Primary Financial Statements project

At its December meeting, the IASB continued its redeliberations on the Primary Financial Statements project. It is already two years since the publication of the General Presentation and Disclosures Exposure Draft, and one year since the Board began its redeliberations on this major project. Eventually, IAS 1 – Presentation of Financial Statements will be replaced by a new IFRS standard, while narrower-scope amendments will be made to IAS 7 – Statement of Cash Flows.

Keywords: Mazars, Thailand, IFRS, IASB, IAS 1, IAS 7, Primary Financial Statements

22 February 2022

Unusual income and expenses

This month, the IASB began redeliberations on unusual income and expenses, which are defined in the Exposure Draft as income and expenses with limited predictive value. The draft goes on to state that income and expenses have limited predictive value when it is reasonable to expect that income or expenses that are similar in type and amount will not arise for several future annual reporting periods.

Readers will remember that the Exposure Draft requires specific disclosures in the notes on these items:

  • the amount of each item of unusual income or expenses recognised in the reporting period;
  • a narrative description of the transactions or other events that gave rise to that item and the reasons why income or expenses that are similar in type and amount are not expected to arise in forthcoming reporting periods;
  • the line item(s) in the statement(s) of financial performance in which each item of unusual income or expenses is included;
  • if the included expenses are broken down by function of expense in the statement of profit or loss, the entity shall include a breakdown by nature of expense in the notes.

In December, the IASB tentatively decided:

  • to further explore how to proceed with a definition of “unusual income and expenses”, which are key elements of financial reporting for many companies;
  • to remove the phrase “limited predictive value” from the definition, and to clarify in the final standard that this is a necessary characteristic of unusual income and expenses, but not the only characteristic;
  • to develop application guidance to clarify the definition of unusual income and expenses. This guidance would:
    • clarify that the definition means that unusual income and expenses can be dissimilar in type or amount from income and expenses expected in the future;
    • help an entity to assess whether similar income or expenses will arise in the future; and
    • explain that when assessing whether income and expenses are similar to those that will arise in the future, an entity must take account of the characteristics of the income and expenses, including the underlying event or transaction that gives rise to the income or expenses.

“Investing” category

At the December meeting, the IASB also discussed the definition of the new “investing” category of the statement of profit or loss and the items to be presented in this category. The Board also agreed to retain the “investing” label.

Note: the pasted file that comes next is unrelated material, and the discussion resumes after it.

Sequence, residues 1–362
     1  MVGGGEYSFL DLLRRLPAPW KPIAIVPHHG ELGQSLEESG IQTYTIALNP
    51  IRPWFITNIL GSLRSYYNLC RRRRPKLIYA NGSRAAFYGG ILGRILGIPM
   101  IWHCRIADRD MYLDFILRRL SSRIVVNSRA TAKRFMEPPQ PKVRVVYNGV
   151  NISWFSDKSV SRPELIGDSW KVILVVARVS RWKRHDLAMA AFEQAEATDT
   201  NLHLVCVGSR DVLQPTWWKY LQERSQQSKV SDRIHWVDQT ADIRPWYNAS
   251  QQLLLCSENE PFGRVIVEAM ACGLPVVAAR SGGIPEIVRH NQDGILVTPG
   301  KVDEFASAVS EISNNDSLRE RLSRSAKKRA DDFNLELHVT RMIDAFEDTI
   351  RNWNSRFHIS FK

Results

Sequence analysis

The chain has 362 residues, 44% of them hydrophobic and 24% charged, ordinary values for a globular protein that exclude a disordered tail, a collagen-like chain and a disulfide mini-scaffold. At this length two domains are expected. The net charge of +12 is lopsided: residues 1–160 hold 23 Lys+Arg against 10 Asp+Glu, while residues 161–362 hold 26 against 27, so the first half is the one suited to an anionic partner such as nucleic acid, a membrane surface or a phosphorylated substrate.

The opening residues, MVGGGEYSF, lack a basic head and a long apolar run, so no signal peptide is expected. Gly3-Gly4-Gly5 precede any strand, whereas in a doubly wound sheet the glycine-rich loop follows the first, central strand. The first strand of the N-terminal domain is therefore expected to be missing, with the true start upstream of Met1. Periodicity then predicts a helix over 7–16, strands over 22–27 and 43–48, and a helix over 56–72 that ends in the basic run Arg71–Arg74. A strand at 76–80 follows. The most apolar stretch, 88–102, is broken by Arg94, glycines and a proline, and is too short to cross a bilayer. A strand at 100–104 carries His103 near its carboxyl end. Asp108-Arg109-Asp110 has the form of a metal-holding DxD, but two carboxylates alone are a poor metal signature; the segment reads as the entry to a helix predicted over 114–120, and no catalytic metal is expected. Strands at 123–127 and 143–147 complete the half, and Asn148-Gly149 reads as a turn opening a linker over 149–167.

Readers will remember that the IASB had previously decided, during its redeliberations on the “financing” category, that income and expenses related to cash and cash equivalents should be presented in the “investing” category (rather than the “financing” category, as proposed in the exposure draft).

Also at the May meeting, the IASB tentatively decided to retain the requirement for entities to present a new sub-total in the statement of profit or loss, for “profit or loss before financing and income tax”. This subtotal would appear after the “investing” category (thus also including income and expenses from the “operating” category) but before the “financing” category.

This month, the IASB tentatively decided:

  • to confirm that income and expenses from assets that generate returns individually and largely independently of other resources held by the entity should be classified in the “investing” category. The standard itself will not include the objective for this category, but the Basis for Conclusions will explain the reasons for presenting certain items in the “investing” category (i.e. this category provides information on returns from investments, which users of financial statements generally analyse separately from operating profit);
  • to retain the application guidance on this category proposed in the Exposure Draft, but with some additional clarifications;
  • to classify all income and expenses from associates and joint ventures in the “investing” category, thus in theory concluding the Board’s discussions on this topic. This means that preparers will not need to distinguish between “integral” associates and joint ventures (those that are integral to the main business activities of the entity) and “non-integral” associates and joint ventures, as originally proposed in the Exposure Draft. However, the discussions revealed that not all of the Board members were convinced by the final decision, which ultimately is a pragmatic choice.

Redeliberations are expected to continue throughout much of 2022. For example, the IASB still needs to decide on the classification of income and expenses arising from transactions that result in a change in the category in which the income and expenses generated by the assets are classified (e.g. where should an entity classify the gains and losses arising when an associate or joint venture becomes a subsidiary?).